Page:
The Common Piddock (Pholas Dactylus)

By Mark Vollers

This bivalve  mollusc, a type of clam, is remarkable not only because of its lifestyle but also where it has left evidence of its presence in the Solway Firth.

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nitially it’s free swimming offspring (larvae) live on rock surfaces like mussels, but they soon start to bore into the rock by making circular motions with the serrated front edges of its shell.  So a safe and perfectly cylindrical home is created, being enlarged as it grows up to 15cm long during an eight year lifespan.

Not all rocks are soft enough so the Piddock will also target submerged wood, of which there is a ready supply in the Solway Firth, this being  a storyin itself. With the retreat of ice sheets 7-8,000 years ago as the last ice age ended, plants moved in where the Solway Firth is today.

This piece of tree trunk recovered from the Solway shore and cleaned up shows the remarkably regular cylindrical holes left by the Piddock clam.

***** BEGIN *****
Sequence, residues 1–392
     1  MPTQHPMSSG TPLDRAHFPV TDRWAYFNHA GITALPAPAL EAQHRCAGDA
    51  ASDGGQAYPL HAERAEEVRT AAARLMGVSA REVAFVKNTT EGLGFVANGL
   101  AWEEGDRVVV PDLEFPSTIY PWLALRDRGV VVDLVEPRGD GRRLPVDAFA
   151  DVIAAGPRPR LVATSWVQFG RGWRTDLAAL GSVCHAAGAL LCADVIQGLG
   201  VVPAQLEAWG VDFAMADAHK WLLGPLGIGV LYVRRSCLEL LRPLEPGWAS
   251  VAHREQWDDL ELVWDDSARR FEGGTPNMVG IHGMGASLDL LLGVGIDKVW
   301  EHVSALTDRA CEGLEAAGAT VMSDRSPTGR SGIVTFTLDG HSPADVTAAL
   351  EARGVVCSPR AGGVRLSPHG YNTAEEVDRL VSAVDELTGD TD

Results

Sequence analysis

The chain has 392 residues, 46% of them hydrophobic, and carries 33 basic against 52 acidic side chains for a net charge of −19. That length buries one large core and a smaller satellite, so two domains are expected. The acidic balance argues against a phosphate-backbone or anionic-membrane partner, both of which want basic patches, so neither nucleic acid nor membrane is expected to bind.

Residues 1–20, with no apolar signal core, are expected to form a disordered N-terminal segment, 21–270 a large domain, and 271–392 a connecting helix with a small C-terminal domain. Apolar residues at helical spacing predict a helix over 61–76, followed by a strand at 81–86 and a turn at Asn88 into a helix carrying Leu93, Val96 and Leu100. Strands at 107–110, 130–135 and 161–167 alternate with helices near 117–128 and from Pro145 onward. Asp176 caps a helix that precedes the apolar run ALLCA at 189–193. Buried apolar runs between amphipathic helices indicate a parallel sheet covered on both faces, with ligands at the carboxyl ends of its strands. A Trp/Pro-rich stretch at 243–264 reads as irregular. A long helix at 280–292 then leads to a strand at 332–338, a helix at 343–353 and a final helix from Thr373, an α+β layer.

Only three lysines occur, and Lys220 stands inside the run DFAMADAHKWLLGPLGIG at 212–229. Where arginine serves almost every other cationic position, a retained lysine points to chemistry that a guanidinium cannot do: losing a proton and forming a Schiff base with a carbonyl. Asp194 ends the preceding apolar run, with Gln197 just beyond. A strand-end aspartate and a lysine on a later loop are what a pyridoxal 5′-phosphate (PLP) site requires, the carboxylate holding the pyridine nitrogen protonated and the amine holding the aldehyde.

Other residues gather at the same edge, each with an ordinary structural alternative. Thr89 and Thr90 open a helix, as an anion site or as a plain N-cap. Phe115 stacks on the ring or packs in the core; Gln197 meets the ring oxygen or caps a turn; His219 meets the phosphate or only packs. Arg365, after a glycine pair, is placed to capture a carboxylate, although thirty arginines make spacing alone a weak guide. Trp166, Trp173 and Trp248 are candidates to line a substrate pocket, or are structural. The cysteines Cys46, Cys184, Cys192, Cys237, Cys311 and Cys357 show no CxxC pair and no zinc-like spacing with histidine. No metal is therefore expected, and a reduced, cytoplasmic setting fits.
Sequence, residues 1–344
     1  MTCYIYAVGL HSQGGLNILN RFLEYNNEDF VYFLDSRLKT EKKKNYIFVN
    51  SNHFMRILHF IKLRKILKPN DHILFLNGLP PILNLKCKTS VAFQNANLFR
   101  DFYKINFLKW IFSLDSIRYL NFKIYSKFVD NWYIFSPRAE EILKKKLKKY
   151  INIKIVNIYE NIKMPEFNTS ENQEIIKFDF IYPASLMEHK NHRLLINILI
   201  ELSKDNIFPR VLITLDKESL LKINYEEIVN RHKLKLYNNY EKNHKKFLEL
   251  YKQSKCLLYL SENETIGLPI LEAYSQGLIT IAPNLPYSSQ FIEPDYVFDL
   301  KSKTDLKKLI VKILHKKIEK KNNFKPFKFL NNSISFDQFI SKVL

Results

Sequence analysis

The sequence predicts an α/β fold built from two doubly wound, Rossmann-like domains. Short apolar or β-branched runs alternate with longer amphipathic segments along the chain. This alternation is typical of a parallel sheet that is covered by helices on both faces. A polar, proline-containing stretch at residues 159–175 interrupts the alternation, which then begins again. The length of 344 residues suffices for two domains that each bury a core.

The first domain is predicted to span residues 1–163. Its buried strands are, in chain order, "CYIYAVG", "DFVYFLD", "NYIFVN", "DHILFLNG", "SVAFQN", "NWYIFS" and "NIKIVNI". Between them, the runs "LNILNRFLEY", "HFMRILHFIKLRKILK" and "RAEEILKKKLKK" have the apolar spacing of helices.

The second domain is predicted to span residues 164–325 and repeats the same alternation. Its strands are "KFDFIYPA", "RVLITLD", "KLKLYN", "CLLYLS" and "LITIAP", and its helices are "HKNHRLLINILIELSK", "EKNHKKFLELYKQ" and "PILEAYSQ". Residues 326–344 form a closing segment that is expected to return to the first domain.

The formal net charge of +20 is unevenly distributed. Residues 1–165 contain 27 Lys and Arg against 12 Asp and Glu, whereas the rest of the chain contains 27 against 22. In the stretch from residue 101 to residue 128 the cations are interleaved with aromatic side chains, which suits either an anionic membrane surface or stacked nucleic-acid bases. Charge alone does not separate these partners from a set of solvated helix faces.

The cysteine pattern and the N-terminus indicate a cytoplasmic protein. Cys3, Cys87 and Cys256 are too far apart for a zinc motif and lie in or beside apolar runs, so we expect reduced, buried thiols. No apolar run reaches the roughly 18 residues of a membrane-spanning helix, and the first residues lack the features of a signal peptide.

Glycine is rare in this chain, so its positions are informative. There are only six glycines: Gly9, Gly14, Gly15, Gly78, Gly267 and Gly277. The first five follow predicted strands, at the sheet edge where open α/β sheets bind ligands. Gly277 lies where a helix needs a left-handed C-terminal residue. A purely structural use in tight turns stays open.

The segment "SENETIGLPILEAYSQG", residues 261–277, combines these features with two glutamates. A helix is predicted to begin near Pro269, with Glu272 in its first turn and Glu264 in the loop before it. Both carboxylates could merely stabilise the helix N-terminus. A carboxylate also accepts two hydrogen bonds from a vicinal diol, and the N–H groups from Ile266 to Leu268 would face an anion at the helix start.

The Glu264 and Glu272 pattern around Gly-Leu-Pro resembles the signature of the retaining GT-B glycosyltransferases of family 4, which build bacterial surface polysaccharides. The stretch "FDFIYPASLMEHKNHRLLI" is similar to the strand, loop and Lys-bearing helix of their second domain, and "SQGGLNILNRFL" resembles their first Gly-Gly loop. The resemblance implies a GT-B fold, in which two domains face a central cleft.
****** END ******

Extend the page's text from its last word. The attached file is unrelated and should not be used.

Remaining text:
There were then periods of tree and peat bog colonisation until the sea level rose with the melting of the ice and submerged them. Today remnants of these trees are still sometimes visible at low tide. Many have unlikely looking circular holes up to 4 cm diameter.

These are the result of colonisation by the Piddock. Boring into wood or peat presents no problem to them at all! The Piddock, once regarded as a seafood delicacy, is a filter feeder so never leaves the security of it’s home. Furthermore, it displays bioluminescence, a dull greenish light being emitted from it’s burrow.

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